• This goes back to an old Marketing method that says the marketer basically finds and persuades people who are a powerful influence on many others. Celebrities and whatever gadget they may carry is a perfect example.

    This practice has basically moved online. Since the publication needs to attract eyeballs, its published as the most double-extra powerful tool ever in the history of the world.

    I just want to get on the list for all that free stuff.
  • That's what bloggers keep telling me.
  • by ObsessiveMathsFreak (773371) <obsessivemathsfreak.eircom@net> on Wednesday December 07, 2005 @05:41PM (#14205436) Homepage Journal
    The dream was nice while it lasted, but I'm afraid the honeymoon of blogging is coming to a close. The Marketers have found it now and blogging will never be the same again.

    From TFA:
    Mr. Rivera estimates that roughly 12,000 people read his blog every day. In the great big real world of mainstream media, 12,000 is a rounding error. But in the new blog order in the tech world, that number is big enough to include the entire universe of decision makers, thought leaders, first movers and all relevant wannabes and hangers on.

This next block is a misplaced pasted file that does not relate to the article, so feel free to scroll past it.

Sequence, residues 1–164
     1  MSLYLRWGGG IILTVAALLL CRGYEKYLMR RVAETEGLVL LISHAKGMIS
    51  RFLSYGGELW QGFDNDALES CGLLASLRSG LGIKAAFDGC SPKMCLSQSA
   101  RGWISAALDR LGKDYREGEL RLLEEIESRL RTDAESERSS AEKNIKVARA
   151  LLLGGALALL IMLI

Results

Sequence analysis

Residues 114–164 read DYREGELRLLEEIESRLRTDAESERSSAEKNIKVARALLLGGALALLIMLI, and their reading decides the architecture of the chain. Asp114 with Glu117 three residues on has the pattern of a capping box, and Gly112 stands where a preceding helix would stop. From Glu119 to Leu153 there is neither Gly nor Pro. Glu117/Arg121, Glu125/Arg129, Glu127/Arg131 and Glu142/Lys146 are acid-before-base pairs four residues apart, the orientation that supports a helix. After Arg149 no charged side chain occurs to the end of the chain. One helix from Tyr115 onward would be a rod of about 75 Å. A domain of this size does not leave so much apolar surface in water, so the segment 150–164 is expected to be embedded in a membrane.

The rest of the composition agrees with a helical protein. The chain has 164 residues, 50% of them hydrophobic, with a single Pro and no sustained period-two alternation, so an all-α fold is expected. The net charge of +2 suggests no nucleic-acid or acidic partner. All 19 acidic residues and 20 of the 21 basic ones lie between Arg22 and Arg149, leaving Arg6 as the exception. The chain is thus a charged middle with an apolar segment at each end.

I think the message is clear. Blogs may not offer quantity of suckers^H^H^H viewers, but they do offer quality of viewers. With one link in the right blog, the marketing man can pay to reach the exact people he could only hope of catching by chance in other media. This isn't just a marketing pipe dream. Bribing bloggers is about to become big business.

    One could hope that the blogging community will be steadfast enough to resist the oncoming corruption, but it's hard to be steadfast after some oily marketing representative has just stuffed your face in a nice restaurant and shacked you up with a four star hotel room.

    Be prepared. A lot of blogs, not all, but a lot, are about to pull a great big "Driver 3: 9/10" on various items. I'd guess the form this will take will be hyping new technologies, languages and frameworks, rather than blatantly plugging products. Think the hyping of Java, only for whatever new tech rolls around next time.